Grand Prix Kuala Lumpur

Fabien Li, who had previously never finished in the top 8 of a Grand Prix, won the top prize in Kuala Lumpur this past weekend.

(23) Shouta Yasooka made the top 8 of a Grand Prix for a remarkable 18th time this weekend in Kuala Lumpur. However, he fell in the quarterfinals to local IT Manager Shamsul Bahrin Zainuddin. On the other side of the bracket however, Fabien Li, of Singapore, took an aggressive U/W draft deck all the way to the top, defeating Krisspas Kuptimitr, Park Jun Young, and Ryan Young Hao-Wai en route to finishing first overall.

(13) Makihito Mihara was the only other ranked pro to finish in the top 64 earning a single pro point. (9) Yuuya Watanabe, (8) Shuuhei Nakamura, and (14) Martin Juza went home empty handed.

Grand Prix Vancouver

Nine of the top 25 players in the world came to duel with just over a thousand other players in Vancouver and eight of them finished in the top 100. On the outside looking in was (19) Brian Kibler in 247th place, missing the cut for day two with only 15 points. (4) Shahar Shenhar, (16) Paul Rietzl, (15) Eric Froehlich, (12) Owen Turtenwald, (2) Josh Utter-Leyton, and (17) David Ochoa had slightly better finishes, all making it to day two. The best of the best this weekend were (18) Alexander Hayne and (25) Jon Stern who both finished in the top eight.

Stern and Hayne met in the semifinals of the tournament in a match that you should check out as soon as the recaps are up on the official coverage site. Hayne managed to move on to the finals to play against Peter Sundholm, the 43 year-old computer programmer whose claim-to-fame was winning an Arena test league in 1994. Sundholm was piloting Mono-Blue Devotion against Hayne’s UW control deck. After a lengthy two games of back-and-forth control, Alexander Hayne was able to win 2-0 thanks to an incredibly powerful pair of Archangel of Thune beaters.

As a quick aside, the top 8 of this event was very lack-luster. Three copies of Mono-Blue Devotion, three copies of Azorius Control, and two copies of Mono-Black Devotion meant for some fairly homogeneous final tables. One quarterfinal match was a Mono-Black Devotion mirror and the other three were all Azorius Control vs Mono-Blue Devotion. The semifinals featured a Mono-Black Devotion vs Azorius Control match, the only match of the top 8 which would feature three of the games five colors. Hopefully Born of the Gods will bring some diversity to the format.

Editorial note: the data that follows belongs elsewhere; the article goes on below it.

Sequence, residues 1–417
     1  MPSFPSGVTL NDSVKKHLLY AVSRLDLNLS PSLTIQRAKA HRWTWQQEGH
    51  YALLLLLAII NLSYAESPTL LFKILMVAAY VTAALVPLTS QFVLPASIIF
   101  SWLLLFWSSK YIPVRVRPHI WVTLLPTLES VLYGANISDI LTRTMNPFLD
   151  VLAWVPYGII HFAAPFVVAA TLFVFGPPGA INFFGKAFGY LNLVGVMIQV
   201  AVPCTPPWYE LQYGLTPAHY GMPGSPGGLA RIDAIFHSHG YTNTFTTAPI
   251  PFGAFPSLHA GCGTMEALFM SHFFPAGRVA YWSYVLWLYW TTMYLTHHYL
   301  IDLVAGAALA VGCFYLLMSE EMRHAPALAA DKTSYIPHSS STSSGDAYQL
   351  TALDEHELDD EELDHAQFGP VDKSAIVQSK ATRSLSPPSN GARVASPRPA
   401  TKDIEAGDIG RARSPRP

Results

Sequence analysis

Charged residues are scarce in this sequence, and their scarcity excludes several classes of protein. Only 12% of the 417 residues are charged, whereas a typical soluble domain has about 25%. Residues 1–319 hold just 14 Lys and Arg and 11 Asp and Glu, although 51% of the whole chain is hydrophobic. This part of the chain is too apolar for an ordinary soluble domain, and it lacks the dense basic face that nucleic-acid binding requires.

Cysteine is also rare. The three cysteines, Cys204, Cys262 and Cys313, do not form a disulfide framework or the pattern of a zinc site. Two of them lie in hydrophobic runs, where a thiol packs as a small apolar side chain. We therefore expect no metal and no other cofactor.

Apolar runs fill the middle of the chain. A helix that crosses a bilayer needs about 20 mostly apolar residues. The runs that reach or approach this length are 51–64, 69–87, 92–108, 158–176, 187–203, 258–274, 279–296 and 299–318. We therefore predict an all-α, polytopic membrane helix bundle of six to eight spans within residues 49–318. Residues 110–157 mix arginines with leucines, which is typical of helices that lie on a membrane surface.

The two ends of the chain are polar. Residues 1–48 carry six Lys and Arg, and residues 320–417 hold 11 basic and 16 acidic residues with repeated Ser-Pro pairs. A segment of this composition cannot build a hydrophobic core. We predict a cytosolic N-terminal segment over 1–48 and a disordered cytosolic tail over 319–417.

The Quick Hits

  • Jenna Helland’s eBook Godsend goes on sale in April but you can pre-order it now for the low, low cost of $1.99 [Magic Arcana]
  • John Dale Beety takes a look at the Magic Movie news and the announcement of the Magic Coin [Star City Games]
  • Ravnica takes on the Commander boxed sets in the last quarterfinals match in the Battle of the Blocks [Star City Games]
  • Michael Martin compares his rankings of planeswalkers to the results of a community survey [Star City Games]
  • The MTGO Cube returns on January 29th so you know, clear your calendar, or don’t [Magic Online]
  • Heather Lafferty interviews Gathering Magic writer Brandon Isleib who doesn’t know a lot of female video game characters [Gamer Boy, Gamer Girl]
  • Nick Davis presents a beginner’s guide to using PucaTrade to build your Magic collection [Gathering Magic]
  • Owen Turtenwald discusses the idea of free attacks, a byproduct of maximizing hidden information [Owen’s a Win]
  • Mike Linnemann wants to help you get in touch with your favorite MTG artists [Gathering Magic]
  • Brandon Isleib lists the most important skills for successful Magic players [Gathering Magic]
  • MJ Scott has reached the finals of her ultimate cosplay competition as Elesh Norn takes on Bassandra [Gathering Magic]
  • Adrian Sullivan reveals his secret origin story which will not be made into a major motion picture [Star City Games]
  • Conley Woods talks about the importance of hidden information but made this post public [TCGPlayer]

Wallpaper of the Week

Mogis, god of playable mythic rares

Not only is Mogis the best of the multi-colored gods in the upcoming Born of the Gods set, he is also this week’s official wallpaper. The art for Mogis is spot on and really captures the rage of the black and red deity. Unlike Purphoros, who is the un-tempered personification of red mana, Mogis brings that evil diabolic slant of black mana along with that rage. Just look at all the intricate details like the skull for a shoulder-plate. Unfortunately, where Mogis’ wallpaper loses points is that the rest of the setting isn’t very impressive. Mogis is a great focus, but there’s just nothing else going on.

Grade: B

The Week Ahead

Are you ready for some football? I mean, are you ready for the Born of the Gods pre-release? Either way I’m sure we’ll all be having a ton of fun next weekend and on Monday I’ll be reporting on Denver’s amazing Superbowl victory.

What We Learned is a weekly feature here at Hipsters of the Coast written by former amateur Magic Player Rich Stein, who came really close to making day two of a Grand Prix on several occasions. Each week we will take a look at the past seven days of major events, big news items, and community happenings so that you can keep up-to-date on all the latest and greatest Magic: the Gathering community news.